Rejuvenating an Interesting “Malaga” Rusticated Pot

Blog by Steve Laug

The next pipe on the worktable is another “Malaga” – this one is a Pot shaped pipe, or maybe you would call it an author. It is short and rusticated with a smooth rim top, smooth band around the oval shank and a smooth panel on the underside of the shank for the stamp. Jeff has picked up other pipes of this brand since we picked up the ones from Kathy’s Dad’s estate. They are of various shapes and finishes – rusticated, smooth and mixed finish. They are also various sizes from small to very large. They were all made by the Malaga Pipe Shop in Royal Oak, Michigan. They are all from various places around the US. It is interesting to see how far Malaga pipes traveled from one little pipe shop in Michigan. The more I work on the brand the more I am impressed by the quality of the craftsmanship and beauty of the pipes that came from the shop. I wrote a blog to give a little history of the Malaga Brand if you are interested: There are also links there to a catalogue and the maker George Khoubesser.)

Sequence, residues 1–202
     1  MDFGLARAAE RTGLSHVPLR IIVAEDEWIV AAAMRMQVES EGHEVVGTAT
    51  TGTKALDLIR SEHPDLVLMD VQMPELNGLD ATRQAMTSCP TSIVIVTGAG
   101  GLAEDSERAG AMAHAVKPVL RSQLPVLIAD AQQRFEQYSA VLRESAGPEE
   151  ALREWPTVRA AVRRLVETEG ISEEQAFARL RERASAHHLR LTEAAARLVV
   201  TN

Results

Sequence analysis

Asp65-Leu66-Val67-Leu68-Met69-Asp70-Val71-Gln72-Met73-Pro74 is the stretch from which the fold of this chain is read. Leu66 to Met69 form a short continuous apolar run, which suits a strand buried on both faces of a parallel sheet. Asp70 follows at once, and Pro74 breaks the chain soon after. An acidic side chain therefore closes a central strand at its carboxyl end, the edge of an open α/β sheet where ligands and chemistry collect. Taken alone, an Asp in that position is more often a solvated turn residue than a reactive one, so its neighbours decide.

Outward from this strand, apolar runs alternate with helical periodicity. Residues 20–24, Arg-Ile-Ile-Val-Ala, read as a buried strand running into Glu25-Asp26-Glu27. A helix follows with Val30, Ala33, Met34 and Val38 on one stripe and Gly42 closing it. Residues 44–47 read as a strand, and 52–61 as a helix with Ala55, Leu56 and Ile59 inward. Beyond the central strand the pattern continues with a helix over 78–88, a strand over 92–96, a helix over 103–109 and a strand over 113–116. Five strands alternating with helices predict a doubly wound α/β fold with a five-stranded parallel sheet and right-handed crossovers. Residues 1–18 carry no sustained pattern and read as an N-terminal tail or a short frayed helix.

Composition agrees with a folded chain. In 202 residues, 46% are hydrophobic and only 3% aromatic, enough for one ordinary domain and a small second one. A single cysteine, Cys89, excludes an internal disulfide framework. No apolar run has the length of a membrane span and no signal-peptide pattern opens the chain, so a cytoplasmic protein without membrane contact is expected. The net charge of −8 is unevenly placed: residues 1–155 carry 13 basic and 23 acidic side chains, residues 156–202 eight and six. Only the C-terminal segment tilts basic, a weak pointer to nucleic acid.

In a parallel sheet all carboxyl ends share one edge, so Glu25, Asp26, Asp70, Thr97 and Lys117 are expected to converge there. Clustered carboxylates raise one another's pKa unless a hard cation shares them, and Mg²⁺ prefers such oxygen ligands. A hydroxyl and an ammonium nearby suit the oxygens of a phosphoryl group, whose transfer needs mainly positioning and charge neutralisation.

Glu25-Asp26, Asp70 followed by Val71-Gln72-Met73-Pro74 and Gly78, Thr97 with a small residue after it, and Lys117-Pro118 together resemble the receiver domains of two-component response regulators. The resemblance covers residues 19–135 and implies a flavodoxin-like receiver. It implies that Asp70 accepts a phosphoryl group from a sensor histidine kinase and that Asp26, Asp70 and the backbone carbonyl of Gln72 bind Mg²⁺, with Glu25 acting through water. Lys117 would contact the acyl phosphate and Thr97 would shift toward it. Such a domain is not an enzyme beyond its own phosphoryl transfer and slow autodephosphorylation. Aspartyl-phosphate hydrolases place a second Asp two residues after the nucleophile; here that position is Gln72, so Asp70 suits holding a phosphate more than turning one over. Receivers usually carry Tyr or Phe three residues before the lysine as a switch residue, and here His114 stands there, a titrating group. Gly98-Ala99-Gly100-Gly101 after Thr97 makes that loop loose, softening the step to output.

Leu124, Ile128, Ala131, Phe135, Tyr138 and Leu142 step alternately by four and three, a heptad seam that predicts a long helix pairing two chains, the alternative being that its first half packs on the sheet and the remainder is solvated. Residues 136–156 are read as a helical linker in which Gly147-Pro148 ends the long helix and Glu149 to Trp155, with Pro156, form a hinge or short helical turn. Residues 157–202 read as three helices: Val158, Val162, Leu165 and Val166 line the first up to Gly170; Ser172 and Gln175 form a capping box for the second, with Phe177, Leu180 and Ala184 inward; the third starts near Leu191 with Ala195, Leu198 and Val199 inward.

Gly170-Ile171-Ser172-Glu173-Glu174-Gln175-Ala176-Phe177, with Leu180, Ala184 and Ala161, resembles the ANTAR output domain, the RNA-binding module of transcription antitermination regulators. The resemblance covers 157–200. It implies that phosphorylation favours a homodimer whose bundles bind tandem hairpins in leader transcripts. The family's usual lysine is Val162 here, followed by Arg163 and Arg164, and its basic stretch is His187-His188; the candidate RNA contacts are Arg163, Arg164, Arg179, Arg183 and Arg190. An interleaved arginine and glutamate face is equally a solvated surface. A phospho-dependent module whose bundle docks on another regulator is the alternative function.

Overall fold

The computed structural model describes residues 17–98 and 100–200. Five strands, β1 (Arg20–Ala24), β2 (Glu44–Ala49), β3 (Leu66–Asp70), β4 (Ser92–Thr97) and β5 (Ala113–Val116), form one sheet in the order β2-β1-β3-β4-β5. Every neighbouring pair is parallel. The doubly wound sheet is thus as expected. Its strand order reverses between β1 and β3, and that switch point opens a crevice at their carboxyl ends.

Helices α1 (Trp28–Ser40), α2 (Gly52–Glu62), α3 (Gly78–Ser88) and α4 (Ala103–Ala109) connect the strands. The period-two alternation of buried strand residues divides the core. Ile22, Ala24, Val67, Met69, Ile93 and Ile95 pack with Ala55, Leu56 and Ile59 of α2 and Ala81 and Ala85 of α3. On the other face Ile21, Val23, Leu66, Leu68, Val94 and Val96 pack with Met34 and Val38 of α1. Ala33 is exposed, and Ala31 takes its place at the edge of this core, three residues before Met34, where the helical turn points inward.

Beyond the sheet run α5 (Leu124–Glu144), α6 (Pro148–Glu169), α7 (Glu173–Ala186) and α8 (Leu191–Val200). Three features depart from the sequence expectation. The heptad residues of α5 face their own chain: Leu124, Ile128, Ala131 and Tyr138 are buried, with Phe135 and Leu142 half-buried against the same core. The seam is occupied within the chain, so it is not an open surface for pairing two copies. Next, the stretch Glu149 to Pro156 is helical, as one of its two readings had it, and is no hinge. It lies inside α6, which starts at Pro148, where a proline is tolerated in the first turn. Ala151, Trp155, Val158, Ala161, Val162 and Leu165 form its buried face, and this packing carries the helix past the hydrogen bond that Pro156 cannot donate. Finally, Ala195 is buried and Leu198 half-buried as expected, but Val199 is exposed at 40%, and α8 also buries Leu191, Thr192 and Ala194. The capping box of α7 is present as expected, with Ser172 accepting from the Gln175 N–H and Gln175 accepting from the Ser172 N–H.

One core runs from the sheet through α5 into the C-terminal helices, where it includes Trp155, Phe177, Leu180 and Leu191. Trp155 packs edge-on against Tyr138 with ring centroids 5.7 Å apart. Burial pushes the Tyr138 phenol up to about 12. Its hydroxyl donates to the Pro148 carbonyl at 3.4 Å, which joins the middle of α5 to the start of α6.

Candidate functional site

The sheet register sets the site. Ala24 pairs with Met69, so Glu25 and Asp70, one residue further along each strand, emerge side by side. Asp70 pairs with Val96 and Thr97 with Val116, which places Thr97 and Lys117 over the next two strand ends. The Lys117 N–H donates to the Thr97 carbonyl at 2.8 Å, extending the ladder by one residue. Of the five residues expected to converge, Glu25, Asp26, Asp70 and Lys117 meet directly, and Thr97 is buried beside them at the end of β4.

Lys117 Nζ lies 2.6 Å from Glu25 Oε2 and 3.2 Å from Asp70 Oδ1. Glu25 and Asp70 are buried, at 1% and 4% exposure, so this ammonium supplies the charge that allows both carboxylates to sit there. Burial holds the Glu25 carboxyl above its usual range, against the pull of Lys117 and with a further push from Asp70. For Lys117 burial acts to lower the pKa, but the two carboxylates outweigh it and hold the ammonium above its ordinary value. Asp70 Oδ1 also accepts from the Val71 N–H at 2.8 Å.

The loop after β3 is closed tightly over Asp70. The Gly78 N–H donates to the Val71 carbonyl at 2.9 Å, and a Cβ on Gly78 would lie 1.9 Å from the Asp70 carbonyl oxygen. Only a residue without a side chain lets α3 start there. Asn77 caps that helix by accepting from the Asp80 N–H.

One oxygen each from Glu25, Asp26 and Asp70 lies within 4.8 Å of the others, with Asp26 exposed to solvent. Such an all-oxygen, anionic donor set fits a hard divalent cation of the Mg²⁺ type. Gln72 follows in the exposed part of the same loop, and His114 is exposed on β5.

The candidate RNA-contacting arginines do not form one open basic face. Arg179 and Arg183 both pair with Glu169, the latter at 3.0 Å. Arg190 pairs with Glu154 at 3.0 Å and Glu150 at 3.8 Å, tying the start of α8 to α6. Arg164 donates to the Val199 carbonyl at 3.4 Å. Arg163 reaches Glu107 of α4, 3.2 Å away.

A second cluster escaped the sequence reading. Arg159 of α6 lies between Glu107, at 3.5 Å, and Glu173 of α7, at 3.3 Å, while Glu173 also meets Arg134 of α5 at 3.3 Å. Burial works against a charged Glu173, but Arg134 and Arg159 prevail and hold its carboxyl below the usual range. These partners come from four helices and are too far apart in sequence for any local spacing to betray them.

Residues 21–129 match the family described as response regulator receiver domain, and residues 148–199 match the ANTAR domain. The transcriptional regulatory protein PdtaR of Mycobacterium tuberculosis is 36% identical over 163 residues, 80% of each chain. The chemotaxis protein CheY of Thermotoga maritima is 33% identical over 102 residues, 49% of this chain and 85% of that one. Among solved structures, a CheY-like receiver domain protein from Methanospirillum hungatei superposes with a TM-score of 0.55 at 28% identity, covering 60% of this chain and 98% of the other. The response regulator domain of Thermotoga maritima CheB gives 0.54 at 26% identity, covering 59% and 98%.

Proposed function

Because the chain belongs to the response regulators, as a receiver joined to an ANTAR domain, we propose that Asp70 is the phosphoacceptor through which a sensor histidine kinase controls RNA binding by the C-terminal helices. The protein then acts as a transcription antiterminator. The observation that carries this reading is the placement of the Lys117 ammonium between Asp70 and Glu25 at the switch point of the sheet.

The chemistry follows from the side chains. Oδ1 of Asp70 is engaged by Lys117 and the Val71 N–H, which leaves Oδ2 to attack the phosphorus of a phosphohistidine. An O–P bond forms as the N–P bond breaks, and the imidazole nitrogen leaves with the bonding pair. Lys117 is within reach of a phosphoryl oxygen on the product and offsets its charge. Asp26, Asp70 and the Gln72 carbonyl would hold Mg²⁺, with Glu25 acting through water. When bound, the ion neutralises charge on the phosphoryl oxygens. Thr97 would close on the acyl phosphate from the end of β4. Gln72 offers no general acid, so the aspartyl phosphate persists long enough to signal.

The bowl is rusticated on the sides, bottom and shank with a pitted pattern in the rustication. The rim top is smooth as is the band around the shank end and the bottom smooth panel where it is stamped. The rim top is smooth but also dirty and damaged. There were nicks in the top of the rim and the outer edges were rough from knocking the bowl out against something hard. There were also some nicks on the inner edge of the rim. The underside of the shank is stamped “Malaga”. The combination of smooth rim and ring along with the rusticated finish around the bowl all work together to create an unusual looking pipe. The bowl had a thick cake and there was a lava overflow on top of the rim. There was some dust and debris in the finish of the bowl and on the top of the rim. The vulcanite stem was oxidized and had tooth chatter and tooth marks on both sides of the stem at the button and on the edges of the button as well. The combination of medium and dark brown stain worked together to create a warm brown finish. Once again it is a light weight pipe for its size. Once more I think it bears testimony to my belief that Malaga pipes were oil cured. Jeff took close up photos of the bowl and rim to show the condition of the pipe before he started to work his magic on it. The bowl had a thick dark cake and some overflow on the rim top. The beveled edge was quite dirty. The inner and outer edges of the bowl showed some damage and nicking. The second photo shows the rim top from a different angle and you can see the tars and oils on the rim top. The third photo shows the underside of the bowl and the rustication. He took a photo of the underside of the shank to show the stamping. The stamping is readable and is the standard “Malaga” stamp with quotation marks on either side of the word. You can see the dust and grime on the finish of the shank.The next photos show that the stem was quite heavily oxidized. There was some light tooth chatter on both surfaces of the stem near the button and on the button edges as well.  Jeff reamed the bowl with a PipNet pipe reamer and followed up with a Savinelli Fitsall pipe knife to remove the cake. He scrubbed out the mortise and the airway in the shank and the stem with alcohol, cotton swabs and pipe cleaners. He scrubbed the exterior of the bowl, rim, shank and stem with a tooth brush and Murphy’s Oil Soap to remove the oils and tars on the bowl, rim and shank. He rinsed it under running water. He dried it off with a soft cloth. Once more he soaked the stem in Before & After Stem Deoxidizer to remove the oxidation. I took photos of the pipe to show its condition before I started my work on it.   I took a photo of the rim top to show the condition it was in after the cleanup. Jeff was able to remove the darkening and tars from the rim top and edges. The grain on the top is very nice and the top is clean. There were dents in the surface of the rim and the outer edge was quite rough on the back side from knocking the pipe out against a hard surface. The inner of the bowl is in good condition. It is a nice looking finish. The stem was clean and you can see that the deoxidizer had done a great job removing the oxidation. There were tooth marks and chatter on both sides of the stem and some slight wear on the edges of the button.Once Jeff had removed the thick cake in the bowl it revealed some fissures in the bottom and part way up the sides of the bowl.I decided to take care of that first as the JB Weld mixture takes time to cure. I mixed the two parts together and pressed the mixture into the fissures in the bowl. I used a dental spatula to spread the mixture into the fissures and around the entry of the airway. It would take time for the mix to cure but I kept working on the bowl.Once the mix had set I topped the bowl on a 220 grit topping board to remove the damage to the surface. It did not take too much to remove the damage to the rim. I cleaned up the inner edge of the rim with a folded piece of 220 grit sandpaper. I polished the rim top with micromesh sanding pads to remove the scratches and marks in the briar. I wet sanded it with 1500-2400 grit pads and dry sanded it with 3200-12000 grit pads. I wiped the rim down after each pad using a damp cotton pad.   I used folded sandpaper and a Dremel and sanding drum to sand out the bowl to remove the excess JB Weld and leave it only in the fissures. Once it was sanded it out I wiped the interior down with a damp cotton pad.I mixed a batch of pipe mud and coated the bowl with that to cover the bowl sides and bottom.I rubbed the bowl down with Before & After Restoration Balm to deep clean the rusticated briar and the smooth rim. The product works to clean, enliven and protect the briar. I hand rubbed it with my fingers and worked it into the rustication with cotton swabs. I wiped it off with a soft cloth. I buffed the bowl with a horsehair shoe brush to polish it. The briar really began to have a rich shine. I took some photos of the bowl at this point to mark the progress in the restoration. I “painted” the tooth marks on the stem and button with the flame of a Bic lighter. I moved the flame quickly across the surface of the stem and repeated it until the tooth marks had lifted.All the tooth marks lifted except one on the underside of the stem. I filled it in with clear super glue. Once it had cured I sanded the repair smooth with 220 grit sandpaper and blended it into the surface of the rest of the stem. I also shaped the surface of the button on the top and the bottom edges to blend in the marks on the surfaces.I polished the stem with micromesh sanding pads – wet sanding with 1500-2400 grit pads and dry sanding with 3200-12000 grit pads. I wiped the stem down after each pad with a damp cloth to remove the sanding dust. I used the Before & After Pipe Polish to remove the small minute scratches left in the vulcanite. I finished by wiping the stem down with a final coat of Obsidian Oil and set it aside to dry. I gave the bowl several coats of Conservator’s Wax and buffed it with a shoe brush to raise the shine. I used a microfiber cloth to raise the shine on the bowl. I put the stem back on the pipe and worked it over with Blue Diamond to polish out the remaining small scratches. I gave the bowl several more coats of Conservator’s Wax and the stem several coats of carnauba wax and buffed the pipe with a clean buffing pad to raise the shine. I hand buffed it with a microfiber cloth to deepen the shine. The pipe polished up pretty nicely. The finished pipe is shown in the photos below. This rusticated “Malaga” has been brought back to life. Still deciding if it is one that I will keep or whether I will sell it on the store. If you are interested let me know and I will keep you in mind. The dimensions of the pipe are Length: 5 1/4 inches, Height: 1 1/2 inches, Outside diameter of the bowl: 1 3/4 inches, Chamber diameter: 1 inches. Thanks for walking through the restoration with me as I worked over this Malaga. I have quite a few more to work on in the days ahead.